by Malcolm Wheatley

Q & A | FRANCES CAIRNCROSS’s Predictions: Internet Will Change Global Law, Lines Between Home and Work Will Blur

Nov 01, 20012 mins

ACCORDING TO BRITISH author Frances Cairncross, a senior editor at The Economist, the world has yet to wake up to the implications of what she describes as “The Death of Distance.”

Intending to merely revise a book of that name that she authored in 1997, Cairncross instead found that a whole new volume, The Death of Distance 2.0 (Texere, May 2001), emerged as she surveyed the still-unfolding possibilities unlocked by the power, reach and changing economics of global telecommunications.

Q: What kind of revolution are you predicting?

A: The analogy I use is the automobile in 1910. By then, these were recognizable as cars, but it took most of the rest of the 20th century for their social consequences to emerge. In telecommunications terms, we’re still back in 1910. As a mass medium, the Internet is less than a decade old?yet already 385 million people around the world have been introduced to the idea that it costs no more to visit a bookstore in Seattle than one on their High Street. Similarly, wireless technology is killing location: You can work wherever you happen to be. Broadband will reduce the cost-per-bit to close to zero.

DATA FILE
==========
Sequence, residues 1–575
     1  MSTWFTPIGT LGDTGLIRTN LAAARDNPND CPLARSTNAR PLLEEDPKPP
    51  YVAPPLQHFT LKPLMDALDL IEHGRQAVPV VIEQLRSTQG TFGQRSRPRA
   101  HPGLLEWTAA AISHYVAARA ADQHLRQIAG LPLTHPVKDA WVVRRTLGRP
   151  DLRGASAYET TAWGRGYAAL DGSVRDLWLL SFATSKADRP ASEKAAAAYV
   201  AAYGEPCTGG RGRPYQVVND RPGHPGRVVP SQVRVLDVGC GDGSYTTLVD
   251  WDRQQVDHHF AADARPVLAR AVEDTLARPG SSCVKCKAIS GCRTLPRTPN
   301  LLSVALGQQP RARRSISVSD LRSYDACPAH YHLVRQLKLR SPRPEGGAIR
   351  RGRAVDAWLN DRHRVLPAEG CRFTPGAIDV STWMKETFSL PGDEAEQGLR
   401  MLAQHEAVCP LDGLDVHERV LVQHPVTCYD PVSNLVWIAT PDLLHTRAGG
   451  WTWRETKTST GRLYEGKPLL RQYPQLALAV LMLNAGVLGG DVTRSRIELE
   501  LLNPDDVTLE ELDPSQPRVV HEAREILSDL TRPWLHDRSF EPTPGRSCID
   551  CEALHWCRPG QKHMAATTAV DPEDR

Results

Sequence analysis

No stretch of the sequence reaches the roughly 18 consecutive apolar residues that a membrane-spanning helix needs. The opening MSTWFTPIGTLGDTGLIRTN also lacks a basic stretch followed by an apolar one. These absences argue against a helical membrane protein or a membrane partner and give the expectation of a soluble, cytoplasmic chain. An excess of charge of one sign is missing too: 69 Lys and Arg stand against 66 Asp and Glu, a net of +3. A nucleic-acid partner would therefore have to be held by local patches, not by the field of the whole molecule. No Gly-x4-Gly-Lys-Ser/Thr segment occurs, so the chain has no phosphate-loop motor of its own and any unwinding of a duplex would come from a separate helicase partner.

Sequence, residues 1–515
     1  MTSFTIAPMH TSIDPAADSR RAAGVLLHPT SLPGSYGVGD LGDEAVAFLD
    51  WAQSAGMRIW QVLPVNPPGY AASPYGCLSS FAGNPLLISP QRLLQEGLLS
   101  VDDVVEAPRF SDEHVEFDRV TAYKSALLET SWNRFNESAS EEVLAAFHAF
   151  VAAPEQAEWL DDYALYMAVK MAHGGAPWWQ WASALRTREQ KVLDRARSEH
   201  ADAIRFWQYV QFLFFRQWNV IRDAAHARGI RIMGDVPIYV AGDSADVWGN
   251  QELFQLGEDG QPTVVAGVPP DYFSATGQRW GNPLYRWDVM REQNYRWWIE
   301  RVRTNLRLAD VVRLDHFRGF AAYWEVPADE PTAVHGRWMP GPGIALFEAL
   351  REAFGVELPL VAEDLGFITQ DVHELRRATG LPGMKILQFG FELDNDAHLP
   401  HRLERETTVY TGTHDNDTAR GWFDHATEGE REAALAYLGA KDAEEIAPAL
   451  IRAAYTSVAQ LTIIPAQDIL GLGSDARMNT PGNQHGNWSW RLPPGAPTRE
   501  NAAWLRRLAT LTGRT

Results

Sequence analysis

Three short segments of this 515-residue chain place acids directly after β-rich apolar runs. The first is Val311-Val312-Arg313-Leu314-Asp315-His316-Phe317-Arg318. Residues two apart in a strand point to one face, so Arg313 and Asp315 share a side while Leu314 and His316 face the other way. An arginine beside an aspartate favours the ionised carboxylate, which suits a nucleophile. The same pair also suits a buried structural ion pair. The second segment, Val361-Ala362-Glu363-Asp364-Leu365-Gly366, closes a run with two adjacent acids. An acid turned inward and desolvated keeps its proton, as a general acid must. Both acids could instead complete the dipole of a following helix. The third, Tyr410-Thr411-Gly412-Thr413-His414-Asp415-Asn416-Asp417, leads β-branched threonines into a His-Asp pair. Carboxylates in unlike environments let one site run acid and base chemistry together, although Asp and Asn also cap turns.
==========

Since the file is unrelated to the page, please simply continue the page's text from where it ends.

Q: And how prepared are we?

A: Companies?and investors?have yet to adjust to the slimmer margins brought about by greater price transparency and more competition. And also to the fact that they will become niche specialists rather than vertically integrated behemoths. Individuals have yet to recognize that the boundaries between their work and home will increasingly blur. And governments still think that within their national boundaries, their rule is law. But as content sweeps across national boundaries, enforcement becomes increasingly problematic.

Q: Is there any good news?

A: Oh, yes?there are positives as well as negatives. As individuals, we’ll lose a lot of our privacy, for example. But as our privacy disappears so will a lot of the crime that we fear, thanks to the pervasiveness of electronic surveillance, audit trails and the capture of biometric data such as fingerprints and retina patterns. There is a balance.